In 1994, I invited my 80-year-old widowed father to move from PA. to CA. to live with me. The spontaneous invitation came straight from my heart. I had no idea how I’d accomplish this because, at 50 years old, I was feeling worn down by life, on 2 sleeping medications & I was living in a 1 bedroom apartment. But you don’t have to know how something will happen. What’s necessary is to make a commitment and the how will appear.
Shortly after, while enjoying dinner with close friends, I told them about the invitation. They immediately began to question my sanity & I found myself defending my decision. “I want to be there when he dies!” When that statement came out of my mouth, I was as shocked as they were because I had no idea I felt that way. I hadn’t thought that far ahead. But I recognized the shear truth of it as the whole table fell silent.
When Dad got off the plane, he looked like an old man who’d been sitting in front of the TV with his twice-widowed brother for the previous 2-3 years. We bought a 1914 hand-crafted cottage badly in need of renovation. We needed a 3 bedroom, 2 bath home close to town because I needed a private office to see clients and Dad needed his own bath. But all we could afford was a 2 bedroom, 1 bath. I saw the whole remodel in my mind before we put in the offer. There was a small bedroom and old-fashioned kitchen in the back of the home separated by a middle door from a second bedroom, (that would become Dad’s) a large living room & old bath with a clawfoot tub in front. If we moved the kitchen appliances into the front under 2 large windows, I could convert that ideally situated room into my private office. When the middle door was closed, Dad would have his own apartment in front. Later we could build a master bath onto his bedroom.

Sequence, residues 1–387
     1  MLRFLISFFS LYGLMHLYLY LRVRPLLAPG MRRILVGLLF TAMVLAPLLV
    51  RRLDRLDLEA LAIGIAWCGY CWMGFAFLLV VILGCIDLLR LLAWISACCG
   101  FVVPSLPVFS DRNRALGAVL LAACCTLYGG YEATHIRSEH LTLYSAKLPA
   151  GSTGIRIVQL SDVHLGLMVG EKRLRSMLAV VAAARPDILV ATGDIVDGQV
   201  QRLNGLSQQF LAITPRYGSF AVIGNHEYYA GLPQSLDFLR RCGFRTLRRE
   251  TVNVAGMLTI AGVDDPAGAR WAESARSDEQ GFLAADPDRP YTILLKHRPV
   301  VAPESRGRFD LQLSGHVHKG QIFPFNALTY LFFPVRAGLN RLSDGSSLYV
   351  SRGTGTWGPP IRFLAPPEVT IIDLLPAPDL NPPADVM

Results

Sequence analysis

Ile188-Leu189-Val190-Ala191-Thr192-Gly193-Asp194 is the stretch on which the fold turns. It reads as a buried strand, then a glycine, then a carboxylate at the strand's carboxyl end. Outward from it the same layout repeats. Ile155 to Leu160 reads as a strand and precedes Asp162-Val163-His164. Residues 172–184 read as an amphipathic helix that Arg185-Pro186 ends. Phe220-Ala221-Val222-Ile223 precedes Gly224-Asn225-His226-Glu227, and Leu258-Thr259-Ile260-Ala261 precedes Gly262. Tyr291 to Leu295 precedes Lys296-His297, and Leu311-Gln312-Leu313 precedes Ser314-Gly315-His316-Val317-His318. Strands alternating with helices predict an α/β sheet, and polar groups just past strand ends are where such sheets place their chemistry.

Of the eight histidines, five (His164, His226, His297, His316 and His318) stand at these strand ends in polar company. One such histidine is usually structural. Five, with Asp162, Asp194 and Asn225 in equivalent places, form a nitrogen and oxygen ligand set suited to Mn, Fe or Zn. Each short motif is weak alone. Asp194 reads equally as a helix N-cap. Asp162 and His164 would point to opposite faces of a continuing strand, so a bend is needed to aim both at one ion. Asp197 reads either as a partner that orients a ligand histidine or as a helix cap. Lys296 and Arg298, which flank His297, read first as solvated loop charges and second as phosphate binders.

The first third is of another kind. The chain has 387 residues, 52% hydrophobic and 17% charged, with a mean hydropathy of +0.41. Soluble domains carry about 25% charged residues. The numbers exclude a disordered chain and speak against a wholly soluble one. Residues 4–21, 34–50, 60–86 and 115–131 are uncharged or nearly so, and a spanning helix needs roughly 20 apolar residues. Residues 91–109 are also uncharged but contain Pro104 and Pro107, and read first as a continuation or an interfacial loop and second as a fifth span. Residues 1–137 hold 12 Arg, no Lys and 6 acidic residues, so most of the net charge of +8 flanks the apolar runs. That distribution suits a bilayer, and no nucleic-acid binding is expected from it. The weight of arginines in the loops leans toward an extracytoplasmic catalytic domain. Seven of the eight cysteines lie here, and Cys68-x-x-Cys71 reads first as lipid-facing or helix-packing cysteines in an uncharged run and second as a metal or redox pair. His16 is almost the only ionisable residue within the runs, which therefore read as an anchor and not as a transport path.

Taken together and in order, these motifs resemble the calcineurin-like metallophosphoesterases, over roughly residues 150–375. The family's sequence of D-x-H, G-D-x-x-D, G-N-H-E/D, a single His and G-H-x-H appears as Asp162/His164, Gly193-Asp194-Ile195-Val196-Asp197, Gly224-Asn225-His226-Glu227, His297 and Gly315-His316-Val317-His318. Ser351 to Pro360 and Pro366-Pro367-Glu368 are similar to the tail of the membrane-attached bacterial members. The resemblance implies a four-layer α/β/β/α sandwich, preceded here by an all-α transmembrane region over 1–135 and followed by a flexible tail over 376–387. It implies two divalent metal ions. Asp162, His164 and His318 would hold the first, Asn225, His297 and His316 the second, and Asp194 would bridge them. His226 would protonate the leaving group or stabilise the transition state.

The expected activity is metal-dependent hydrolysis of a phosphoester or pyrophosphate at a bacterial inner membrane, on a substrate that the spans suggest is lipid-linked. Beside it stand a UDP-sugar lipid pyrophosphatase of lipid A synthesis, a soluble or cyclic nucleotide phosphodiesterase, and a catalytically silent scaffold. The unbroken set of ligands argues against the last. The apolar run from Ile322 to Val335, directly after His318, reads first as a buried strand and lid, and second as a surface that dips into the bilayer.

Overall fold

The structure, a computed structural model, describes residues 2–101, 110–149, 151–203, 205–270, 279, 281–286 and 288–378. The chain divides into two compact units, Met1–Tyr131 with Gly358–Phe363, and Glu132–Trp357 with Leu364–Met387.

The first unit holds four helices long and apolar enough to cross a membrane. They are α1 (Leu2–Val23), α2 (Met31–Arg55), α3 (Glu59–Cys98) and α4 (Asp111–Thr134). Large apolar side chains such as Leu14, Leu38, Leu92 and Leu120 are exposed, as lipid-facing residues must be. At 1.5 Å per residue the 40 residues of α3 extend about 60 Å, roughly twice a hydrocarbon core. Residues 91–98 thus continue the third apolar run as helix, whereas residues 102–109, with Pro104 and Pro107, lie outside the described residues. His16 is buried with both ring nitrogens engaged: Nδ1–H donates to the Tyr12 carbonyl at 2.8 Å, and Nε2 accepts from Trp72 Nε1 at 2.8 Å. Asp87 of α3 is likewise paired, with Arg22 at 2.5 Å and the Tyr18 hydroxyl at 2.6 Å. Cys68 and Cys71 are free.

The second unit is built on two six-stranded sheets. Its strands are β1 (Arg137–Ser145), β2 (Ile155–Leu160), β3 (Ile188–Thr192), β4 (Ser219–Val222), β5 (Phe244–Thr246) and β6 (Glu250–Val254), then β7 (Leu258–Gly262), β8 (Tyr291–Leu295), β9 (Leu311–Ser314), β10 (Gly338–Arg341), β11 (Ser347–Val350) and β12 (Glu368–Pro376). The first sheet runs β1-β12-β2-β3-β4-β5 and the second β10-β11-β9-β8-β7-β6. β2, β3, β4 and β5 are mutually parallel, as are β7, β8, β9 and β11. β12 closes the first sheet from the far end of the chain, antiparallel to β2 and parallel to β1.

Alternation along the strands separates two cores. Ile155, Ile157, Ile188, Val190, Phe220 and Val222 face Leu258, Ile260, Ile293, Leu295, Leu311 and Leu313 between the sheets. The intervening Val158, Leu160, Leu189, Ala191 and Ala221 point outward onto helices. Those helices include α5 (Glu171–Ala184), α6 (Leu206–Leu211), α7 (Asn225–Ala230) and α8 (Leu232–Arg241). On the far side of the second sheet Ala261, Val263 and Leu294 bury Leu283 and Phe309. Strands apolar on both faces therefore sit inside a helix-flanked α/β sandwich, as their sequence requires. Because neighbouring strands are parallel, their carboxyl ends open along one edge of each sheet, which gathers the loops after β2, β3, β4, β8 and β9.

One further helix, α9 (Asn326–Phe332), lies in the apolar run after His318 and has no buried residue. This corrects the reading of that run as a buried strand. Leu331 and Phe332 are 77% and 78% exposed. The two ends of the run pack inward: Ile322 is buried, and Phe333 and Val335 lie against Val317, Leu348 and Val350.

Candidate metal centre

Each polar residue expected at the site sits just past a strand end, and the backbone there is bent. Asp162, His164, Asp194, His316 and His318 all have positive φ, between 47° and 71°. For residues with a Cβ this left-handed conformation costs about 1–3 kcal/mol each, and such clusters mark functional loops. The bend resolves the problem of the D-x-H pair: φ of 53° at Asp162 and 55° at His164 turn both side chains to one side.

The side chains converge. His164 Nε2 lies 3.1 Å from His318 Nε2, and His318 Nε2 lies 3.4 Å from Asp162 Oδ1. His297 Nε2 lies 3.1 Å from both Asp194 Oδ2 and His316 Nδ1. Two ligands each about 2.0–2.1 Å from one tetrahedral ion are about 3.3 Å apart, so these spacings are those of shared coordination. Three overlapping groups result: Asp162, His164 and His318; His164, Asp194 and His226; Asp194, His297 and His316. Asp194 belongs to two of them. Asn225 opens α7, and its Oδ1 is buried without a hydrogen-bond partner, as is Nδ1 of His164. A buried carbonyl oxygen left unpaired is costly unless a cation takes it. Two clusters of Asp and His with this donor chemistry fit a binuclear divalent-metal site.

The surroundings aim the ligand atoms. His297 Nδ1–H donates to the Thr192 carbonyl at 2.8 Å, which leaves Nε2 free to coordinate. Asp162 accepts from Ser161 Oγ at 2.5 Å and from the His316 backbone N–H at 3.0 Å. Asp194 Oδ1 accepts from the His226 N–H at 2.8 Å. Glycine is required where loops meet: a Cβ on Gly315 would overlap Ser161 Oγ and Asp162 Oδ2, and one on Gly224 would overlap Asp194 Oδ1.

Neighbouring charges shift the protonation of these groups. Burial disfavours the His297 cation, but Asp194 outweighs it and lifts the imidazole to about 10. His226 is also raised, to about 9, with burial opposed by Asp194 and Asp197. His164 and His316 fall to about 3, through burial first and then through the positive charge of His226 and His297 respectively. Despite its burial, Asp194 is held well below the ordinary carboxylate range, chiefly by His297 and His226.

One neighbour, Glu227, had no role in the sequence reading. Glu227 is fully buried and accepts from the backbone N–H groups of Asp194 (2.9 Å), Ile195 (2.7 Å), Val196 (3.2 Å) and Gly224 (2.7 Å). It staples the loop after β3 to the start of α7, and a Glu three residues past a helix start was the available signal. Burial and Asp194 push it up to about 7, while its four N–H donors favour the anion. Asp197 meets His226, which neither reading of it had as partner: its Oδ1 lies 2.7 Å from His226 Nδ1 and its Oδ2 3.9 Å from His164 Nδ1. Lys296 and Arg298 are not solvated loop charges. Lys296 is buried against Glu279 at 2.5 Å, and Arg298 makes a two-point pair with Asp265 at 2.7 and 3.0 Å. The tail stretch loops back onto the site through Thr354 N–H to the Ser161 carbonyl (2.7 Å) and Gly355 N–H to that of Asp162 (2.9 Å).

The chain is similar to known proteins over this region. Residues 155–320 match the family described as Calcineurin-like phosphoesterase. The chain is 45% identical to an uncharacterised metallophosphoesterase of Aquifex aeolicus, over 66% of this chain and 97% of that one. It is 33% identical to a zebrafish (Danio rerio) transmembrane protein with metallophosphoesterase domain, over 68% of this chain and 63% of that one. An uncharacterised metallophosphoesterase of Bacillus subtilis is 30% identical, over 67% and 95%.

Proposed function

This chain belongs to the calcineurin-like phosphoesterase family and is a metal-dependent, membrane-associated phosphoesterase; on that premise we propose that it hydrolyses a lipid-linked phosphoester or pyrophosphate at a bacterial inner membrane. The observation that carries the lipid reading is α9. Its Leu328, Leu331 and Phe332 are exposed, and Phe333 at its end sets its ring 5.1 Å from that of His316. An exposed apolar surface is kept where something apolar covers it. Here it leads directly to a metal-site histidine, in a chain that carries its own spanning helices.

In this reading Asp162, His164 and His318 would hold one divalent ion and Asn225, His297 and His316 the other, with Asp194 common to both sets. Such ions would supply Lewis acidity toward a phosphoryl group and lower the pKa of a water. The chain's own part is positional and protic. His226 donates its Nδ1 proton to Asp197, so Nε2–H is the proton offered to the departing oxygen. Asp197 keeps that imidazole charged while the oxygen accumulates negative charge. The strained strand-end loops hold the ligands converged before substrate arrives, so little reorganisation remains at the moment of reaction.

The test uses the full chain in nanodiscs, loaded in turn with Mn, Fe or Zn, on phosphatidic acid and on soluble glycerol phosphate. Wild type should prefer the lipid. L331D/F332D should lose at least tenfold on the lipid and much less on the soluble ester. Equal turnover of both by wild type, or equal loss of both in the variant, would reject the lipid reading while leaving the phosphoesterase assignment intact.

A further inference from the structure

After working on the home for 6 months, Dad looked and felt 20 years younger. He felt needed and useful again and took 2 walks a day. I was able to get off the old meds & come back to life so I could take care of him. Remodeling that home became a metaphor for the transformation we each went through and our relationship together. I learned that when you give someone what they need most, you get what you need along the way. Because I wanted to give Dad a loving home, I received a beautiful home filled with love.
We also had fun. I took him to afternoon tea dances twice/month because he loved to do a good foxtrot. When he died, he’d been dancing foxtrot for 60 years! I had gotten my love of ballroom from my father who taught me foxtrot in our living room when I was 12.
We spent many hours talking about our lives. I told him things I hadn’t before and asked questions about his life with Mother. I asked what was happening when I was born. He said WWII was still going on. He was drafted into the Navy and sent to VA. His superior liked that he was a good worker & requested Dad to stay in his position handing out GI clothes. Dad was happy because he wouldn’t be sent overseas.
When the war ended, he did war work 7 days/week & he & Mom paid off their first house in 2 years. Now I understood where the pattern of choosing men who left or didn’t have time for me originated. I had a loving, responsible father taking care of duties. But during my first formative years, he was absent; gone to war, to work & then, to care for his aging parents.